Friday, September 7, 2018

How to support a grieving loved one

Everyone grieves differently. My process may not look at all like yours, and that's completely okay. Everyone is free to grieve in their own way.

These is no "right" thing to say..... But here are some things we have found helpful and not some helpful...

Please do:

1. Do reach out, do come by, do call. Even if you don't know what to say, even if you are afraid of bothering them. Chances are good they needed the distraction.

2. Do bring something if you can, a food item, a drink of some sort. The last thing a grieving person thinks to do is take care of themselves so bringing them prepared food and drinks is so helpful in making sure they are caring for themselves.

3. Do use the deceased persons name, unless the grieving person doesn't want you to. Personally, I love to hear people use my sons name. 

4. Listen, you don't have to say a word, or preach a sermon or have the perfect words to say, the best thing you can do it to listen! Let the grieving person talk, cry, yell or whatever it is they need to do.

Please do not:

1. Ask too many questions. I am open about the fact he passed away via suicide, Zuka was not ashamed that he was bipolar, we always felt like shame kept people from getting the help they need. I had strangers writing to me to know exactly how he "did it." They wanted intimate details of my sons death! It upset me, it made me angry. Please don't do that to a grieving person. I am sure if they want to talk about it they will when they are ready. Should they wish to keep it private please respect that. 

2. Don't say "if you need anything reach out to me" This is a nice statement but if you really want to be there, BE THERE. You reach out, Go visit, send a card, text, email them. If you want to do something don't wait for them to ask, just do it. Bring food, pick up some fresh fruit of flowers. The grieving person cannot even think straight enough to ask for what they need.  Tell them exactly what you are offering them, a shoulder to cry on? say it! A home cooked meal? offer that! 

3. Get offended. At one point when there were a lot of people at my house I thought, Man I wish everyone would go home. I didn't want them to leave, I enjoyed their company very much, What I needed was a little private time to scream and cry without someone being worried or upset by my process. As soon as everyone left I was lonely and wanted them back. Please understand, the death of a loved one is an emotional roller coaster and they LAST thing anyone wants to do in difficult times is to hurt anyone's feelings.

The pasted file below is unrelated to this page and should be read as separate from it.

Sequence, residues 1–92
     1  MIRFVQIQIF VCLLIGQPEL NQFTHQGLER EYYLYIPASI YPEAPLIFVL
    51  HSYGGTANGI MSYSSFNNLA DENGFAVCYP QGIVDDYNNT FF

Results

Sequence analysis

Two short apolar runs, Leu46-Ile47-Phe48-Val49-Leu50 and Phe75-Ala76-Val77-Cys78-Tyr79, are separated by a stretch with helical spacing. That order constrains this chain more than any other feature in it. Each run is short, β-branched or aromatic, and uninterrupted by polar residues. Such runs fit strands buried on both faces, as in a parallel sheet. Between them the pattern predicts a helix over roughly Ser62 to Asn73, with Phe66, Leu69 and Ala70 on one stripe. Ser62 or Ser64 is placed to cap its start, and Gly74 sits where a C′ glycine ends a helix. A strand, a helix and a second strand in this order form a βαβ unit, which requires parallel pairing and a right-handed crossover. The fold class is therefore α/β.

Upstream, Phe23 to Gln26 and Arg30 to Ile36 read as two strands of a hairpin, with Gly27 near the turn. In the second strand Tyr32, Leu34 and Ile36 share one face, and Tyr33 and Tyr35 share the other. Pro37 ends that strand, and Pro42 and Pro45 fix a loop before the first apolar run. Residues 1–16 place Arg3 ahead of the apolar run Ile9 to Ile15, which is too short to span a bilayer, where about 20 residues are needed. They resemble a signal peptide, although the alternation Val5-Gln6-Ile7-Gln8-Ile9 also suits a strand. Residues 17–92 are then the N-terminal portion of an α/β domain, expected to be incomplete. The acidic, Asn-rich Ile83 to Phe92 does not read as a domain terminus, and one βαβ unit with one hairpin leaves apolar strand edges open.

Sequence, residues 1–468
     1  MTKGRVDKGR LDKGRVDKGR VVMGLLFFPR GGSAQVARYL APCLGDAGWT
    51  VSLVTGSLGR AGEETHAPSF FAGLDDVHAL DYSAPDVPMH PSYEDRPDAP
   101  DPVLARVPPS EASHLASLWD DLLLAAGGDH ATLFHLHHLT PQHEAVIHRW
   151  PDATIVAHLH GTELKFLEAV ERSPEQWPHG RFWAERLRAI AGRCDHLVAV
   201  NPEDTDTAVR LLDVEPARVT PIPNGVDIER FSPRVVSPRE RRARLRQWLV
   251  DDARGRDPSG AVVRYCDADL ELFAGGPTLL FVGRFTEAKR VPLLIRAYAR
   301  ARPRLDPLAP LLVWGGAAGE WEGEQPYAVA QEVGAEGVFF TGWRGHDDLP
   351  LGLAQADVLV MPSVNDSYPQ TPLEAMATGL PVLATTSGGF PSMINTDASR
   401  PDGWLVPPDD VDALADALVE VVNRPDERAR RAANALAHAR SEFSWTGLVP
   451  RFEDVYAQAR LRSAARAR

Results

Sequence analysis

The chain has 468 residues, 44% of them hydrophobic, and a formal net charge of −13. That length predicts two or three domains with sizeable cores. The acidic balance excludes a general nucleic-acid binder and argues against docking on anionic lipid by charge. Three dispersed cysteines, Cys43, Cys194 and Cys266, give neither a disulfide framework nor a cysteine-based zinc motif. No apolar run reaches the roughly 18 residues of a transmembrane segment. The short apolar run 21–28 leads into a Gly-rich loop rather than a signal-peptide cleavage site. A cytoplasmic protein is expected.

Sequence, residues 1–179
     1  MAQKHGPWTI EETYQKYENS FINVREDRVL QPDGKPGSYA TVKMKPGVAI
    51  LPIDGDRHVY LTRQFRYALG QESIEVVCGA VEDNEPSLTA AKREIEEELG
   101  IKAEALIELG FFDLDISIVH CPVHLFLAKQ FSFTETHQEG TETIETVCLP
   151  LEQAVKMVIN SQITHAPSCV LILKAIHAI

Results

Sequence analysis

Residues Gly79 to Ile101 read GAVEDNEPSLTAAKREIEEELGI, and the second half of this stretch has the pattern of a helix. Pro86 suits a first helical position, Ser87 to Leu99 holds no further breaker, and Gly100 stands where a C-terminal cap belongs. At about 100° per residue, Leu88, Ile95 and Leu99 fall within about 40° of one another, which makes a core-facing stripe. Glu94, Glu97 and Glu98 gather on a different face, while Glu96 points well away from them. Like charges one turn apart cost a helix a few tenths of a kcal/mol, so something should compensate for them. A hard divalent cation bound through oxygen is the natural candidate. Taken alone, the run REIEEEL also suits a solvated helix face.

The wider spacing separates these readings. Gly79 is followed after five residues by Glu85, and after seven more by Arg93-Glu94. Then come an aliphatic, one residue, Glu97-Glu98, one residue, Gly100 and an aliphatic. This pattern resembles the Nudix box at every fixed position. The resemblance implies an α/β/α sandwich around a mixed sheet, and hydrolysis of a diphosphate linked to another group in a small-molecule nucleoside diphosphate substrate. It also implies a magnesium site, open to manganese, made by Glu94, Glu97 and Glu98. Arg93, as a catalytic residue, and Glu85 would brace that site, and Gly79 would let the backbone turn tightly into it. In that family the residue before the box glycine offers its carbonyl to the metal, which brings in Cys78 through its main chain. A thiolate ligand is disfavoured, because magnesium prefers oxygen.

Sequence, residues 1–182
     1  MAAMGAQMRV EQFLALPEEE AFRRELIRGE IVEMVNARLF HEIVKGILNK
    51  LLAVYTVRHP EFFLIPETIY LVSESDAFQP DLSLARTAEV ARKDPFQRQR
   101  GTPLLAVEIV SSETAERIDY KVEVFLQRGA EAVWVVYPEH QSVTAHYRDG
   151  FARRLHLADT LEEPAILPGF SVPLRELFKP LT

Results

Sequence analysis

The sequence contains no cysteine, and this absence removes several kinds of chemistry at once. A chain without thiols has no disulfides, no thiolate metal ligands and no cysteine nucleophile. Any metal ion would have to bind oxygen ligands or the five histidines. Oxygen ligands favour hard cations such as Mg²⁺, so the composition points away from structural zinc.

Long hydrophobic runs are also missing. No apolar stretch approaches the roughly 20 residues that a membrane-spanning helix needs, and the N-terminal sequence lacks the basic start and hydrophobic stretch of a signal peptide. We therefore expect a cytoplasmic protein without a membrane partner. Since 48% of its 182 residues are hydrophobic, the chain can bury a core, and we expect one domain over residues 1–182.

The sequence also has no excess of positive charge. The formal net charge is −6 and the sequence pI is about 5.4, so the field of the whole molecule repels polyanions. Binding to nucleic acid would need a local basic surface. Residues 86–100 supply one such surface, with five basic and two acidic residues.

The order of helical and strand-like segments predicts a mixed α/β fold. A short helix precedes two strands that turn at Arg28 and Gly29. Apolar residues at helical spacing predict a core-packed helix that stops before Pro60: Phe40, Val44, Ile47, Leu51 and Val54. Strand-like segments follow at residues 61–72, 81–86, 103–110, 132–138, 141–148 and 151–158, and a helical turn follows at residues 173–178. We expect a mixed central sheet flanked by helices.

4. Cancel Plans. If at all avoidable, Do not cancel plans with a loved one who if grieving. I ended up having people who called me their "best" and "closest" friend not show up at my sons memorial or celebration of life! People who I thought cared so much, disappeared. Your grieving loved one needs you, if any way possible do what you can to be there. There are, of course, understandable circumstance but let them know why you can't be there. Your visit might have been the high point of their day they were waiting for, the distraction they needed from the pain. Though it may seem like a small deal to you, it might not be for your grieving friend or loved one.

5. Say you understand. Unless you have been in the same situation please do not say, 'I understand what you are going through.' Unless you have lost a child you really have no idea how it feels. I made the mistake myself. A friend has lost her son and came to visit. I told her, "I think I can understand because my son has had similar things happen." When he passed I called her and I told her I was so sorry, I had no idea how she felt, no idea! Even two people who have been through the same experience don't experience it the same way.

6. Comment on their ability to handle grief. One of the things that well meaning people have said is you are handling this great, or you are so strong. I know this is said with nothing but the kindest intentions. All I could think when I heard this is guilty that I had put on a facade. Yes, I can pull it together most of the time when people are around, and yes I can talk about it by disassociating myself from my feelings and talking almost like it was a movie. When everyone goes home, I often fall completely apart, I cry, I scream "WHY", I blast him music and bawl in the shower and that's ok but know that I am no stronger than anyone else. I am just swimming and swimming and trying to keep my head above water, like anyone else would do. I didn't chose to deal with this pain, I have to.

7. Disappear. When speaking with other survivors of suicide, I have found that many were surprised by how fast people stopped calling and coming by. The first week I was almost overwhelmed by all the support, it really helped me through. By the second week it started to trickle off and now by the third week there are very few people stopping by. I get that people are busy and need to go about their own lives but after the funerals, memorials, after the support ends is when the grieving person needs you the most. 

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